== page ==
Mike Flanagan is no stranger to business. He’s a financial consultant in Onalaska, just north of La Crosse, and president of Functional Biosciences, a DNA sequencing company based in Madison’s University Research Park.
Even experienced dogs can learn new tricks, however. When Flanagan attended the first Wisconsin Tech Summit, he got advice from major companies that changed the growth prospects for his emerging biotechnology firm.
Flanagan’s 15-minute “speed dates” at the 2014 Tech Summit, to be held again April 25 in Waukesha, persuaded him to apply for a regulatory clearance portrayed as essential for doing business with larger laboratories and pharmaceutical companies that handle human specimens.
Read this commentary in the Milwaukee Journal Sentinel here.
“During the Tech Summit, we received confirmation that pursuing (Clinical Laboratory Improvement Amendments) certification was the correct direction for us to take,” Flanagan recalled.
“The decision to continue our path to CLIA certification materialized after two pivotal meetings. We left the Tech Summit with a renewed sense of purpose …”
That regulatory path was neither quick nor inexpensive, but it’s now completed. Flanagan thinks the CLIA stamp of approval will help Functional Biosciences grow — perhaps with the help of the very companies that gave him the advice.
That story is just one example of how the upcoming Tech Summit at Waukesha’s GE Healthcare Institute connects major companies with young firms from across Wisconsin.
Emerging companies may apply through Tuesday at www.wistechsummit.comto participate in the third annual summit, a daylong event that puts them in front of major companies that often do business in similar sectors.
Thirteen major firms have agreed to take part so far: AT&T, Aurora Health Care, BloodCenter of Wisconsin, Dedicated Computing, Direct Supply, GE Healthcare, Hewlett-Packard Enterprise, Intel, Logistics Health Inc., Johnson Controls, Marshfield Clinic Information Services, Promega and Rockwell Automation.
Those firms will engage in a series of 15-minute meetings with emerging companies from across the state that apply for the chance to pitch their products, services, research and ideas. Other features of the event will include:
■ An opening panel discussion to help set the stage for emerging companies by allowing major companies an opportunity to talk generally about their goals, needs and emerging markets;
■ Educational seminars, which will be available to all participants during those times in which they are not scheduled for individual meetings;
■ A continental breakfast, networking lunch and on-site reception.
Major companies will hear from younger firms with innovative products or services tied to areas such as “big data,” connected devices and data analytics in sectors ranging from health care to information systems, and from power electronics to advanced manufacturing.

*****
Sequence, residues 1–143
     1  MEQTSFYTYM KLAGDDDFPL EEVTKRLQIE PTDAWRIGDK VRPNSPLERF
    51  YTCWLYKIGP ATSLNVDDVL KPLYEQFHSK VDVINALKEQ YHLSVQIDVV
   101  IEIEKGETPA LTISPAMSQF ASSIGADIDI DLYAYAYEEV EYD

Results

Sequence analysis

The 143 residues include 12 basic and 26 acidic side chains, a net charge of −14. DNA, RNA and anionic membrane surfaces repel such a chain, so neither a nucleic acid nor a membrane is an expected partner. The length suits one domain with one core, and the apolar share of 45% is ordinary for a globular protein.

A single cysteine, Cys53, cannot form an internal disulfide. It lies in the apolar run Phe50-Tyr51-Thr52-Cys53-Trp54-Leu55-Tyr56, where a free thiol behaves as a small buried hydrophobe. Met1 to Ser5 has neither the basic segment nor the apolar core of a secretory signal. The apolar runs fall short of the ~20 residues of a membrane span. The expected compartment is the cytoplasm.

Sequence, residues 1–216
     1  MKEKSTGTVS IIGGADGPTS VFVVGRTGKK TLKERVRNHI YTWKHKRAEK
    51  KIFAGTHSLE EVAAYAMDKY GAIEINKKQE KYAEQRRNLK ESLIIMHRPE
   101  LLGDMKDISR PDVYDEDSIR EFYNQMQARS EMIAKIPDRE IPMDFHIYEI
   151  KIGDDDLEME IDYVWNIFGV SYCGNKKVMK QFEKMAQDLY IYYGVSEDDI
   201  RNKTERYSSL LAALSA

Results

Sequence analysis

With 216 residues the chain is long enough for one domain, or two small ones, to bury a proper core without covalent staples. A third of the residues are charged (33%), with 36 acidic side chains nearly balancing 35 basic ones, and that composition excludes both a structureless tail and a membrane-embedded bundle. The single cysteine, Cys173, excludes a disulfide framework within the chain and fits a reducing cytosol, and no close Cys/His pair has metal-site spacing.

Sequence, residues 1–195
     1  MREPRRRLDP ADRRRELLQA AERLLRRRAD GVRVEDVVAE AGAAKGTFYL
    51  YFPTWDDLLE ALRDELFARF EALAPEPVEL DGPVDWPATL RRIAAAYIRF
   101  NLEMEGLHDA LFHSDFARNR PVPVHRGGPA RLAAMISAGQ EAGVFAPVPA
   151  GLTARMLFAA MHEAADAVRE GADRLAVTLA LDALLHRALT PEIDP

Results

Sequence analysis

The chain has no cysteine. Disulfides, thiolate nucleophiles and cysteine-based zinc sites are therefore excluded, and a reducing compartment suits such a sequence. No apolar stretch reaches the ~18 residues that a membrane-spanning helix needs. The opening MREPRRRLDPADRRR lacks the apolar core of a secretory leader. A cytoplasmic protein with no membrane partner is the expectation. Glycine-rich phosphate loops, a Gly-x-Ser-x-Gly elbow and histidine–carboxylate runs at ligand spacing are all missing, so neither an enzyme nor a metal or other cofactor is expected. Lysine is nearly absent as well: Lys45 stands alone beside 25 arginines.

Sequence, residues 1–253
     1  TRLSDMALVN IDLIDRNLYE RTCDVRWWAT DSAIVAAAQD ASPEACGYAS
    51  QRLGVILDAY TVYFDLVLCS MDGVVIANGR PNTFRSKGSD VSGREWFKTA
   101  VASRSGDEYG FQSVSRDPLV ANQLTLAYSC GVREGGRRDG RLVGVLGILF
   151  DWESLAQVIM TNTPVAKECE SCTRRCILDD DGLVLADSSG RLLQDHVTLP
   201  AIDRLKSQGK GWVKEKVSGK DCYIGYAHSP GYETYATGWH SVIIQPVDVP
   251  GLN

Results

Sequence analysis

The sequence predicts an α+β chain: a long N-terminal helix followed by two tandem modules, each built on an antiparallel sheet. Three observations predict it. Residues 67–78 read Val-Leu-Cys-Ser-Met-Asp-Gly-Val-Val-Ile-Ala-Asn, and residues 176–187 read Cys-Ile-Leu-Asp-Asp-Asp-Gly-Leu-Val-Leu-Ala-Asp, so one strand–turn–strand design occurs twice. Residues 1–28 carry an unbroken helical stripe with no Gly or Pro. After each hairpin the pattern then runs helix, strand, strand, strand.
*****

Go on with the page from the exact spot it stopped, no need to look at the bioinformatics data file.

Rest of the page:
This year’s conference co-chairmen are Sujeet Chand of Rockwell Automation and Vivek Bhatt of GE Healthcare, whose teams are among those that will meet with emerging companies.
Flanagan said he would “highly recommend” that emerging companies like his own apply to attend. So do other veterans of past events.
“At last year’s event, several of our meetings led to follow-ups and long-term business relationships,” said Scott Vanderbeck, president of Organic Research Group. “I would strongly recommend the Tech Summit as a way to get your foot in the door at major companies that might otherwise be difficult to get meetings with…”
“Our engagements (throughout the day) were very genuine. Almost all our meetings resulted in productive connections,” said Josh Herritz of MIOsoft. “Suffice it to say, the speed-dating format was considerably more effective than we anticipated.”
“Though short, the meetings themselves were a valuable way to gather feedback on our product and on the needs of a number of different industries,” said Maggie Hua of SmartUQ. “The insights gained have been used to help direct product development and to improve the explanation of our value proposition.”
Not all of the Tech Summit’s speed dates result in corporate romance, of course, but surveys of past major company participants show more than 40% followed up on half or more of their speed dates and more than 90% followed up on at least one encounter.
For many emerging companies, it’s not just about attracting angel and venture capital — although some early stage funds will be represented at the summit, as well. It’s also about making the right business connections.
Large and small companies often travel in different “orbits,” even if they’re in the same business sectors, and they rarely collide except by chance.
The Wisconsin Tech Summit’s speed-dating approach aims to help some of those orbits to cross — and the state’s business development stars to better align here.